Masergy today joined the increasingly crowded SD-WAN service market, promising a managed SD-WAN service with many more options and support for hybrid connections so that enterprises can let applications actually drive their connection types. (See Masergy Launches SD-WAN Solution.)
The software-defined wide area network offer will become one of the virtualized network functions on Masergy Communications Inc. 's existing virtual customer premises equipment platform, but it will also be available in premises pizza box form and as a cloud-based function. (See CenturyLink, Masergy Roll Real-World NFV and Masergy Adds Advanced WAN Encryption VNF.)
For its launch, Masergy is working with Silver Peak Systems Inc. , chosen after a two-year evaluation of vendors that is ongoing, says VP of Global Technology Ray Watson, with other vendor support likely to follow. Masergy is coming to market first with the premises-based solution -- Masergy will fully manage on-prem SD-WAN gear -- but it will have a virtualized solution up and running by year's end.
Software-defined WANs began as devices enterprises deployed on premises to let them connect multiple offices over broadband Internet to cloud-based applications, without the expense and hassle of an MPLS connection. The market is quickly evolving toward managed SD-WAN services, however, as enterprises look to turn over the complexity of multiple broadband connections and to retain MPLS or VPLS options where applications need that, as opposed to moving everything to SD-WAN over broadband.
"Customers want a turnkey solution," Watson says. "They want a fully managed SD-WAN option -- that is the really the heart of what we are announcing -- so we are layering in a fully managed SD-WAN as yet another network function in the Masergy family of network functions that includes routers, firewalls, SBCs [session border controllers] WAN acceleration, WAN encryption and now SD-WAN."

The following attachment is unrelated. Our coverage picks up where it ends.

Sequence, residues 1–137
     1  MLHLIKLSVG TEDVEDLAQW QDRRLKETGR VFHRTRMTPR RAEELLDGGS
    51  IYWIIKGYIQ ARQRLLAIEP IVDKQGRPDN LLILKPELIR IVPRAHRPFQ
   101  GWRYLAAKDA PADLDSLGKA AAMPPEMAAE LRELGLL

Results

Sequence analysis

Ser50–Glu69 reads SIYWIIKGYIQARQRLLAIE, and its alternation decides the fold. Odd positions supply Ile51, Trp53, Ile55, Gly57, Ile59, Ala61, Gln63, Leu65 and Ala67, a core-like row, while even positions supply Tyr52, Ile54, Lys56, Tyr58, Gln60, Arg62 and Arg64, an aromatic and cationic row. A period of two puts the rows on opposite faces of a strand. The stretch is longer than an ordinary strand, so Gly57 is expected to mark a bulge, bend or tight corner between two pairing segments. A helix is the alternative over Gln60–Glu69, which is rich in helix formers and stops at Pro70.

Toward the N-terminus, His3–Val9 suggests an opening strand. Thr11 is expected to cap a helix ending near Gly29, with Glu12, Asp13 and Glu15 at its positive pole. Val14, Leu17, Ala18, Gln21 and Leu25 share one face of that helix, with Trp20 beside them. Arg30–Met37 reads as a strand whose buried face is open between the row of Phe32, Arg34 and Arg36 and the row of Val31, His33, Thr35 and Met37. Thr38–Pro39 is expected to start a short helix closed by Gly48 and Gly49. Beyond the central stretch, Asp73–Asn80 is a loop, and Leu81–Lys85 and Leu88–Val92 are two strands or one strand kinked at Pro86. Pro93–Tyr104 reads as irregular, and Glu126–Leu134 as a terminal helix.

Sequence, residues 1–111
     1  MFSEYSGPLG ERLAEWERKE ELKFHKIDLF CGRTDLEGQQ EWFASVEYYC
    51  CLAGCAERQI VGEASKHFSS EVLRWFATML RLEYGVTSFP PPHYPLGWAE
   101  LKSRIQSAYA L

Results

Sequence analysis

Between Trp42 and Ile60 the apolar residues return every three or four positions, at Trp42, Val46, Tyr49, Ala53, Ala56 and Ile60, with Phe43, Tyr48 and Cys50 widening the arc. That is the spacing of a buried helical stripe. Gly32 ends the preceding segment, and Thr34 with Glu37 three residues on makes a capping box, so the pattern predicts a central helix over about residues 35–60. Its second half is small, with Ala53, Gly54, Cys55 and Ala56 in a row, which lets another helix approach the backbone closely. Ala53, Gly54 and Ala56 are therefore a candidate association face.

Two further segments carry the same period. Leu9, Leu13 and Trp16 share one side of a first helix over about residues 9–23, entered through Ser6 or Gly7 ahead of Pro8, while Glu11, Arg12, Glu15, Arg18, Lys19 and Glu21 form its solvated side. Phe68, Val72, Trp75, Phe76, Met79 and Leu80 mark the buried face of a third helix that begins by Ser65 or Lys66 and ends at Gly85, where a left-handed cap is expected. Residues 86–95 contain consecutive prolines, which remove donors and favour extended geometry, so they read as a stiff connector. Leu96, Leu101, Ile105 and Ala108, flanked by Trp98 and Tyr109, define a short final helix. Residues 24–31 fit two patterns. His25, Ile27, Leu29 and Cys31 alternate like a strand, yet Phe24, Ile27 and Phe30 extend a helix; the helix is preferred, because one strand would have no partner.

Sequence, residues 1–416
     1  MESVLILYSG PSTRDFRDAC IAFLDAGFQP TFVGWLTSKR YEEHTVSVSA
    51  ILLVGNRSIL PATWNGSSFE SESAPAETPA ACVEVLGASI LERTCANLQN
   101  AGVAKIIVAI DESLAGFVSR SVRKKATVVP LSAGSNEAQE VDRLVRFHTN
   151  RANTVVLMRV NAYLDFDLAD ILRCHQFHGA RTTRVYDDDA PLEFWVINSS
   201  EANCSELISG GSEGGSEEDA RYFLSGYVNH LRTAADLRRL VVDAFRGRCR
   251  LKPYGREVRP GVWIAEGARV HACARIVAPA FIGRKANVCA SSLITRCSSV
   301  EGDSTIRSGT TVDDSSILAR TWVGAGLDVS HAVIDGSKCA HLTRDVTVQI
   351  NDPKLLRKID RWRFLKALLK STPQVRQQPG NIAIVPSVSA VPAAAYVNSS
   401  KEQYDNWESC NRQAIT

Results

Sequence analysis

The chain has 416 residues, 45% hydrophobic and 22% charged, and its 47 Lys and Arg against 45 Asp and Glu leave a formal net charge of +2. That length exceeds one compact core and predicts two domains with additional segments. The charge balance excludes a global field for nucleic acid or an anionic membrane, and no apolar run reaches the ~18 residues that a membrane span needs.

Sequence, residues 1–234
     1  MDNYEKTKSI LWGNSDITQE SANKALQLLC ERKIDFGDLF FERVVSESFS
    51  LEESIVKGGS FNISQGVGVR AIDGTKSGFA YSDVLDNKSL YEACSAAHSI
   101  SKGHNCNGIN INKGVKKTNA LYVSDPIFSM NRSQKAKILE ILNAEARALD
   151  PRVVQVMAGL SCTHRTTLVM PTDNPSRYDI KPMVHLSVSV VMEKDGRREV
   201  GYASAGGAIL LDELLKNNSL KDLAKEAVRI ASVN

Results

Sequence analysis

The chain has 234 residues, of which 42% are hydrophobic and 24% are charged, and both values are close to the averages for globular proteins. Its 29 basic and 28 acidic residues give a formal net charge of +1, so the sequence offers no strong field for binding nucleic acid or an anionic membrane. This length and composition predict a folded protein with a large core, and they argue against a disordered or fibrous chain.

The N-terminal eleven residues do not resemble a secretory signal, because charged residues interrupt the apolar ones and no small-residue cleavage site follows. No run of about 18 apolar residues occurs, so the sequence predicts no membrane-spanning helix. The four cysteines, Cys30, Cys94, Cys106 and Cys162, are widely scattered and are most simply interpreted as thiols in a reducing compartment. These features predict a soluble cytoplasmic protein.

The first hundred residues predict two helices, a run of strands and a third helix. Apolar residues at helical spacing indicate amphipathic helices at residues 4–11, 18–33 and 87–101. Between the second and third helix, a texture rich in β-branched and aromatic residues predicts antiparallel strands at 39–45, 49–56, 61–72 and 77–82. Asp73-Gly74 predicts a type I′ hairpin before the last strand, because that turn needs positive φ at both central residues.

There are multiple ways that Masergy executives believe their SD-WAN product is different from what's available now in what Watson calls a "noisy" market. One is its connectivity options, including intelligent connectivity or private direct connections with ultra-high-performance characteristics, network-as-a-service secure tunnel connectivity done over-the-top or NaaS together with a managed broadband service.
The latter builds on Masergy's core ability to acquire and manage broadband connections globally for its enterprise customers, eliminating the need for them to deal with dozens of broadband providers globally.
Masergy then operates its software-defined platform delivering direct connections to a growing cloud marketplace that today includes AWS, Softlayer, Google and Microsoft Azure. Customers can have multiple virtual environments, using different types of connections depending on the applications involved, including MPLS, VPLS and others.
"We have one client right now with 17 virtual environments," says Paul Ruelas, Masergy director of product management. That includes two different MPLS environments for production work in two different parts of the business plus a test-development cloud, some non-IP based applications and three different Internet environments, including one for guest WiFi and one for video conferencing.
The multi-active path capability means there can be multiple WANs per site, and SD-WAN lets them be put to maximum use, says John Dumbleton, Masergy senior VP-business development. Masergy helps its customers set up business policy controls to give them very granular control over how applications use the available bandwidth. Instead of waiting until a primary connection fails to use the backup, both connections can be put to use with traffic prioritized by application.
"This capability will really resonate with customers looking to build highly resilient networks and maintain nice tight performance optimization in the hybrid environment," he comments. "They want to have resilience, they want to pay for performance, but they don't want to overpay."
The ability to have very detailed performance visibility and integrated route control on an application basis is definitely a differentiator, Ovum analyst Mike Sapien says.
Enterprise customers are increasingly more interested in applications performance than in focusing on the details of how that is delivered, Watson adds. "All the details become noise in the background," he says. "That was our experience with our NFV rollouts, and based on the limited deployments and interactions we've had around SD-WAN, it is going to be exactly the same thing."
Masergy is capitalizing on Silver Peak's Adaptive Packet capabilities for another of its differentiations. Adaptive Packet is a means of doing forward error correction that more aggressively addresses problems with voice or video lines so that there is greater likelihood of uninterrupted conversations.
— Carol Wilson, Editor-at-Large, Light Reading